Shift in focus by Cheyne Capital’s listed hedge fund reaps rewards

A change of focus by listed hedge fund Real Estate Credit Investments to concentrate on real estate debt including mortgages backed by residential and commercial property paid off last quarter, as it posted a 7% rise in portfolio value and a 48% jump in profits.

RECI is the sole listed hedge fund in Europe to give investors the chance to exploit dislocation in Europe’s real estate debt market.

Last quarter its shares rose 25%, to a 29 month high of €1.24, driven largely by retail investors, who have also been the primary drivers of a daily turnover of 100,000 shares.

It also posted its six consecutive quarterly profit, at €4.6m, up from €3.1m in the quarter to 30 September.

Investors can buy preference shares, maturing in December 2017 and with an 8% coupon covered 2.3 times, or ordinary equity with a 5% dividend yield, currently trading at a 30% discount to NAV. This is tighter than the 40% discount to NAV on 17 September.

The fund, formerly called Queens Walk Investments and managed by Cheyne Capital’s Shamez Alibhai, is selling down its book of SME loans, UK and European mortgages. This is even though they generated cash of €5.8m last quarter, compared to €3.7m the previous quarter, and easily outdid the manager’s forecast cashflows from them in December, too.

RECI raised about €27m fresh capital in September, and last quarter spent €21m on new residential debt securities. By 28 February it had spent a further €13.2m for the real estate debt portfolio.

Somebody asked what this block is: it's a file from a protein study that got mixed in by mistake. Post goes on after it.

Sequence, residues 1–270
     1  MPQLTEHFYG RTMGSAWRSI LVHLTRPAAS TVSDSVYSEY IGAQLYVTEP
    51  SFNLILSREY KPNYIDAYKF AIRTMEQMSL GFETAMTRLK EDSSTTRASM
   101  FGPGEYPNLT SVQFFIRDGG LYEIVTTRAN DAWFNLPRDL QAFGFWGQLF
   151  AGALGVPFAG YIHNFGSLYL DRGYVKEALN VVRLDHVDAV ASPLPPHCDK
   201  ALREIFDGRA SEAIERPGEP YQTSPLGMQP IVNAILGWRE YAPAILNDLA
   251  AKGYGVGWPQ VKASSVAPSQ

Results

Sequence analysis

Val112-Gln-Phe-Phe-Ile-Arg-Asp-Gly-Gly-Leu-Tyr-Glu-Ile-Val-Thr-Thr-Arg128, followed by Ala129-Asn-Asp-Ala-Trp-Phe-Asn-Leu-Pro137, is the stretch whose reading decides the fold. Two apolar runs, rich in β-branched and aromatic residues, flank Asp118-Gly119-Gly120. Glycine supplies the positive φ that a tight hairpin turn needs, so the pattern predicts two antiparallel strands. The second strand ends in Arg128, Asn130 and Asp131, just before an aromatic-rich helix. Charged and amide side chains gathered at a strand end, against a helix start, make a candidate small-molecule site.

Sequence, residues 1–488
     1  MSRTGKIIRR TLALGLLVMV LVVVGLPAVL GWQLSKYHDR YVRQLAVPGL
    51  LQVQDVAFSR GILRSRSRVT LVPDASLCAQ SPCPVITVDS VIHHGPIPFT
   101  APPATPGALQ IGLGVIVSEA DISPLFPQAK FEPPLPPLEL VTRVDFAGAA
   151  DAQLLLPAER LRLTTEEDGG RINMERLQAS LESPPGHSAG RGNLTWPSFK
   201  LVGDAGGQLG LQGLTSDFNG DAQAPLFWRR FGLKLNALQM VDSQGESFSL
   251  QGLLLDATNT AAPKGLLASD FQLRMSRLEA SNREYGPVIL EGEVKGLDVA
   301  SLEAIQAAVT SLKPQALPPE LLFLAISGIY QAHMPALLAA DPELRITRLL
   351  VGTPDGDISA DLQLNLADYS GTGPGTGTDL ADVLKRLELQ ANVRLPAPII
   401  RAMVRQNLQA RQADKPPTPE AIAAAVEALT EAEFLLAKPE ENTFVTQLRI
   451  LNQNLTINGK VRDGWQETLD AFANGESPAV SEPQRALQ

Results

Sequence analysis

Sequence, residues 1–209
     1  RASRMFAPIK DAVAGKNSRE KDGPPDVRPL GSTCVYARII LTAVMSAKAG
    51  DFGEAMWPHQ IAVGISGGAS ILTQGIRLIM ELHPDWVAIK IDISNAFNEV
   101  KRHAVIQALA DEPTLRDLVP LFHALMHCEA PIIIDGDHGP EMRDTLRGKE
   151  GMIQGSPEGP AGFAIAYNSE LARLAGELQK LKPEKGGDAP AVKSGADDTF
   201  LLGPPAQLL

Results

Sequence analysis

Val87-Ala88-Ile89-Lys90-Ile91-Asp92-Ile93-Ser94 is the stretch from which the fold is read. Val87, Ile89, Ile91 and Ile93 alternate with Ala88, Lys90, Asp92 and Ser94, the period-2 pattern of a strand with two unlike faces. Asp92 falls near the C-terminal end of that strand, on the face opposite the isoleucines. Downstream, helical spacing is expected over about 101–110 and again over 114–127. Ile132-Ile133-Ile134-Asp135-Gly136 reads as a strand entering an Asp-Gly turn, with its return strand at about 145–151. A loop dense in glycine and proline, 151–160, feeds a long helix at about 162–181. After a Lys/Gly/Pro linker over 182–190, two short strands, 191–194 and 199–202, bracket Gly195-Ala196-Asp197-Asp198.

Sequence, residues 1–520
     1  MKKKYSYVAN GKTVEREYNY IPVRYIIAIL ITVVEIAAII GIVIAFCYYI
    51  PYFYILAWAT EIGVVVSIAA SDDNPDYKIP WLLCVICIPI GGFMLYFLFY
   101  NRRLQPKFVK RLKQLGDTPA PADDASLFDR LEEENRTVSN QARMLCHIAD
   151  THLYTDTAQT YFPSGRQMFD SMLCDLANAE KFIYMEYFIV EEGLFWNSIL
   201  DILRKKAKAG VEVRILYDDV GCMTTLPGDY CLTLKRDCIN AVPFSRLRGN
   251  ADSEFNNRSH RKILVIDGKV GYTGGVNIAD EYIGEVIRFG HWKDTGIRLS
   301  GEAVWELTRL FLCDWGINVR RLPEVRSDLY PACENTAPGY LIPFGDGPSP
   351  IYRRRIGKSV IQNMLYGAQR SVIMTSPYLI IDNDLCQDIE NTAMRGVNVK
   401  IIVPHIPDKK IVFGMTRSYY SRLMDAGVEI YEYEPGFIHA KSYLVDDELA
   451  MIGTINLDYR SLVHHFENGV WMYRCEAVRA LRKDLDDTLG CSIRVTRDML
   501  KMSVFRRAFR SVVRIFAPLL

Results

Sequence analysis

This holds bonds at a fair value of €68.3m and a weighted average yield to maturity of 13.2%.

The value of its real estate debt portfolio gained 6.5% in value last quarter. These investments now represent 52.4% of its total assets.

Alibhai told Investment Europe market liquidity and opportunities would govern how rapidly residual assets would be sold off, and any profit would be recycled into the real estate debt portfolio. He already sold one legacy portfolio in January, mainly comprising UK mortgages, at a profit.

Alibhai explained the reasoning for RECI’s new focus: “Our investors appreciate the transparency around the bond portfolio, whose value is marked to market.

“There is also greater liquidity relative to the legacy portfolio though right now, the strategies are doing well and complementing one another.”

RECI is building up its new remit, where values are marked to market, and it will make approximately two thirds of new investments in bonds backed by commercial real estate in the form of CMBS and one third in similar securities, backed by RMBS.

Alibhai said around €500bn of refinancing of European commercial real estate is falling due over three years “so there will be stress, and opportunities. There will be people who do not understand the real estate space and dynamics, and they will sell holdings.

“Also, there are still a lot of motivated sellers looking to reduce their holdings in asset-backed securities.”

 

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